Saturday, 25 May 2024

Math whiz kids: Local elementary students ace state math test

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Eddie Llewellyn, right, and his brother Joey show off some of their educational certificates. Eddie was one of several local students who scored perfectly on the math portion of the STAR test last year. Photo courtesy of Bill and Minsook Llewellyn.

 

 

THIS STORY HAS BEEN CORRECTED REGARDING MAYA GRIFFIN, ANOTHER LOWER LAKE ELEMENTARY SCHOOL STUDENT WHO HAS ACHIEVED A PERFECT STAR TEST SCORE.

 

 

LAKE COUNTY – Amidst the fairly glum news facing education today – severe financial cutbacks, teacher and staff layoffs, and an all-around assault on resources – it's important to remember one thing: Children are still learning, thanks to the hard work of parents and teachers.

In fact, some children are learning very well, and showing incredible aptitudes in some tough subjects.

One example is mathematics. The county is home to numerous elementary school students who last year did particularly well on California's Standardized Testing and Reporting (STAR) test, hitting perfect 600 scores on the math portion.

This past year, the districts reported the following perfect scores in the elementary ranks: Konocti Unified, four, Lakeport Unified, two; Kelseyville Unified, five; Lucerne Unified Elementary, one. None were reported in Upper Lake Elementary, and information on perfect-scoring students was not made available from Middletown Unified.

Most of the districts do not divulge names, however, in Lucerne, the star STAR student was second grader Elizabeth McIntire, now 8, who was 7 when she took the test, the district reported.

Students in Konocti Unified were honored for their achievement last November at a school board meeting, where they received commendation certificates, plus bouquets of flowers for the girls.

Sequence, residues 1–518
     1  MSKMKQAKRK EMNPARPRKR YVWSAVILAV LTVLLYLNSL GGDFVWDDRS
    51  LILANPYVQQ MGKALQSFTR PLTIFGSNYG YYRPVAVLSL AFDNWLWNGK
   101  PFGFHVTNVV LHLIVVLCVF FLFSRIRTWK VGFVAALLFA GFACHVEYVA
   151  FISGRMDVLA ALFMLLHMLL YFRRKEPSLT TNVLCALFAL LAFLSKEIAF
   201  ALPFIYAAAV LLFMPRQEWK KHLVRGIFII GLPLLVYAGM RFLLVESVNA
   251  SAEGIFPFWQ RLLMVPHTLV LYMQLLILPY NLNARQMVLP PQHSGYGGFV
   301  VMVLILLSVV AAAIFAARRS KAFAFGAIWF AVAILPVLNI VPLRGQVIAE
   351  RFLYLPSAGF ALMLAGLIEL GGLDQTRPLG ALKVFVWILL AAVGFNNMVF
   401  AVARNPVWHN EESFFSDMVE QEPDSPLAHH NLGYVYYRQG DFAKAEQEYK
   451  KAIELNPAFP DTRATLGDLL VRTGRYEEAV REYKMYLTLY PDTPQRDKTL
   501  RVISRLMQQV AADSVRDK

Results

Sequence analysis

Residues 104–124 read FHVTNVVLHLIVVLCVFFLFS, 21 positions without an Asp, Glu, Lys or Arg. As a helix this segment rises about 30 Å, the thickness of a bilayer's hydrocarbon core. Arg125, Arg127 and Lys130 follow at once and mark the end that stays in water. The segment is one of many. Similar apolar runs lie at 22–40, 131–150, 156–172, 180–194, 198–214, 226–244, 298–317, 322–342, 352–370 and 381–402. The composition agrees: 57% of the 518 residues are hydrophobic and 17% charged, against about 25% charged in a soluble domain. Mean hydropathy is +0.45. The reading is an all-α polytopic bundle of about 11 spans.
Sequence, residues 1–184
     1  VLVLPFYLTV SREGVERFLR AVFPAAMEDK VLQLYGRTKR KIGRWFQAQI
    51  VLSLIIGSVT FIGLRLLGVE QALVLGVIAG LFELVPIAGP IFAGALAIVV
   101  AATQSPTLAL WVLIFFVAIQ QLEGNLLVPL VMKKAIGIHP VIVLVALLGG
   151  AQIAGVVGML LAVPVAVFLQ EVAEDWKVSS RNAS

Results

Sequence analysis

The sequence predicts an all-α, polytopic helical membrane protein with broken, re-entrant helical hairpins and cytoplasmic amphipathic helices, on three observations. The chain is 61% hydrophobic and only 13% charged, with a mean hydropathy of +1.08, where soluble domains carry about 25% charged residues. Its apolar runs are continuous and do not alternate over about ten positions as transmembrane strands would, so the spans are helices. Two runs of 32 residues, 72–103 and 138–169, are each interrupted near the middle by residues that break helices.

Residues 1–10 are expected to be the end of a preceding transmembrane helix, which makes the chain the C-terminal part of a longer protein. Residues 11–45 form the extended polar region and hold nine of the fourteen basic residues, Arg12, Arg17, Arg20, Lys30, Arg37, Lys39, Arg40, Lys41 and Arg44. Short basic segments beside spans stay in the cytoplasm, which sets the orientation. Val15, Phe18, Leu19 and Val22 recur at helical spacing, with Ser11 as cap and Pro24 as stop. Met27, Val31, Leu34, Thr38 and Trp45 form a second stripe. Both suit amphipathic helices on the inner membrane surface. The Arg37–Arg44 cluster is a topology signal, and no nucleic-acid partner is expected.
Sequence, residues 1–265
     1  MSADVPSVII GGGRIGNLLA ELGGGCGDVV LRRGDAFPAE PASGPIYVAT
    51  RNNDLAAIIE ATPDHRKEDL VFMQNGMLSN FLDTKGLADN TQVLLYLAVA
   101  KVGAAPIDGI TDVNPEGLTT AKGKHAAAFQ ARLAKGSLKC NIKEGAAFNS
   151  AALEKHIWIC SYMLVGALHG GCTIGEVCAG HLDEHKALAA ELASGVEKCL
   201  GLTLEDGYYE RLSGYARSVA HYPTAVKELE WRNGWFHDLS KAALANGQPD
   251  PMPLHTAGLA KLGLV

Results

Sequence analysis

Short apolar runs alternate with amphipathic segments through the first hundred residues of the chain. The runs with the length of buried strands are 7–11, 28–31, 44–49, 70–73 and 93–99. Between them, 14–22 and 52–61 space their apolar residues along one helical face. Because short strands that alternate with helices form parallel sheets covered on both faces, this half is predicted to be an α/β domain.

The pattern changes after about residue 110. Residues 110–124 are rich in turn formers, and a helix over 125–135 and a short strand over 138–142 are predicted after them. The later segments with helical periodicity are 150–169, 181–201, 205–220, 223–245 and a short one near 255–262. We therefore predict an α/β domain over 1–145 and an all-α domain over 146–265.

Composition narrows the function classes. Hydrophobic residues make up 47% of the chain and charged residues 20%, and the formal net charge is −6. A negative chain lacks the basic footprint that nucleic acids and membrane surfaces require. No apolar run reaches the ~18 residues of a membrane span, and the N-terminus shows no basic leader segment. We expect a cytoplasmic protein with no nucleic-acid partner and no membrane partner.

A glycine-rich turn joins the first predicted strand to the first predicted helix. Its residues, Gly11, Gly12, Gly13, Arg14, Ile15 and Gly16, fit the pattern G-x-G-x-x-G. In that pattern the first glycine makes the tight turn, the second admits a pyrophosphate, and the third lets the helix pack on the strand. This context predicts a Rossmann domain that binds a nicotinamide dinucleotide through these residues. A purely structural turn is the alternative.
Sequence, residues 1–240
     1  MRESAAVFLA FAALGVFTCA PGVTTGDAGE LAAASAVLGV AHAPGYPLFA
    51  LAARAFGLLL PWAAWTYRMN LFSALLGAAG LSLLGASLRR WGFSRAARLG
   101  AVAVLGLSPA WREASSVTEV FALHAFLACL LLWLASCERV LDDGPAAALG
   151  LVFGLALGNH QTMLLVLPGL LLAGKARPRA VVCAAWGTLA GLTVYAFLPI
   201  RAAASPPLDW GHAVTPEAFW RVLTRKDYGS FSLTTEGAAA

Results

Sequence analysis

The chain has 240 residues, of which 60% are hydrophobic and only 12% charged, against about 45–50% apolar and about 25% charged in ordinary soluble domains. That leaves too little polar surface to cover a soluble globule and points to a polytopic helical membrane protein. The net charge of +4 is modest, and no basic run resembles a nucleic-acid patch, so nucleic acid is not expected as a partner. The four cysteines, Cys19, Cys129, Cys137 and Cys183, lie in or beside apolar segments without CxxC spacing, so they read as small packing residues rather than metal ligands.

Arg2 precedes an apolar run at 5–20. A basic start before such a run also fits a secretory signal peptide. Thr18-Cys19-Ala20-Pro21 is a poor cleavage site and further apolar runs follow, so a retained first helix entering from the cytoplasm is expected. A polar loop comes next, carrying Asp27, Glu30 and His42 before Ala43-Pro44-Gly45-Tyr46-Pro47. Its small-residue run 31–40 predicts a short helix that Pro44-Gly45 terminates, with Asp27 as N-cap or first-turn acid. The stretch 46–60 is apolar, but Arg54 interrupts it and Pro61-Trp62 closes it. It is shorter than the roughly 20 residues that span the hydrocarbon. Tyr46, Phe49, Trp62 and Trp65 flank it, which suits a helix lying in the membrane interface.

Two of Konocti's top performers were 10-year-old Kayla Curtis and 12-year-old Eddie Llewellyn. Both are students in Rachel McFarland's sixth grade class at Lower Lake Elementary. The two students were fifth graders when they took the test.

McFarland said the STAR test is an evaluation of how well students meet their grade level standards, after working hard on them all year.

“Getting a perfect score is really a phenomenal thing,” she said.

A second-year teacher, McFarland said other students at the school also have had stellar achievement on the test -- including Maya Griffin, who got a perfect STAR test math score when she was only a third grader (she's in fifth grade now).

 

 

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Eddie Llewellyn and Kayla Curtis, front row, at a November meeting of the Konocti Unified School District Board of Trustees. Photo courtesy of Steve and Mandy Curtis.
 

 

 

McFarland is very proud and complimentary of her students.

She said she will teach a lesson to the class, then assign the students work for the rest of the class period. Eddie usually is the first one done.

“He really is an extraordinary kid – a diligent worker,” McFarland said.

Eddie said math is his favorite subject, which helped him get that perfect STAR test score, no mean feat considering the questions can be pretty tough.

Although he's an all-around good student, some subjects aren't quite in the favorite category, such as English and history, which he called “a little not fun.”

He's also musical, having started taking the saxophone last March and the piano in the summer.

Eddie has a fraternal twin brother, Joey – Eddie emphasizes that he's the older twin – who also is good at math, plays the keyboards and clarinet, plus is the school's spelling bee champion, said McFarland. Spelling, said Eddie, is another one of those not fun subjects.

He said he thinks he'd like to attend the University of California, Davis, for college in the future.

Eddie and his brother live with their parents, Bill and Minsook Llewellyn – plus a dog, fish and cats – in Clearlake. When he isn't acing tests, Eddie also enjoys playing video games and baseball, taking Tae Kwon Do classes, and playing in the school music program's new rock and roll band, along with Joey.

Bill Llewellyn said both boys have attended Lower Lake Elementary since preschool.

“And it's a heck of a chore to get either one out of bed in the morning or to tidy up their room; but I'm not complaining,” he said.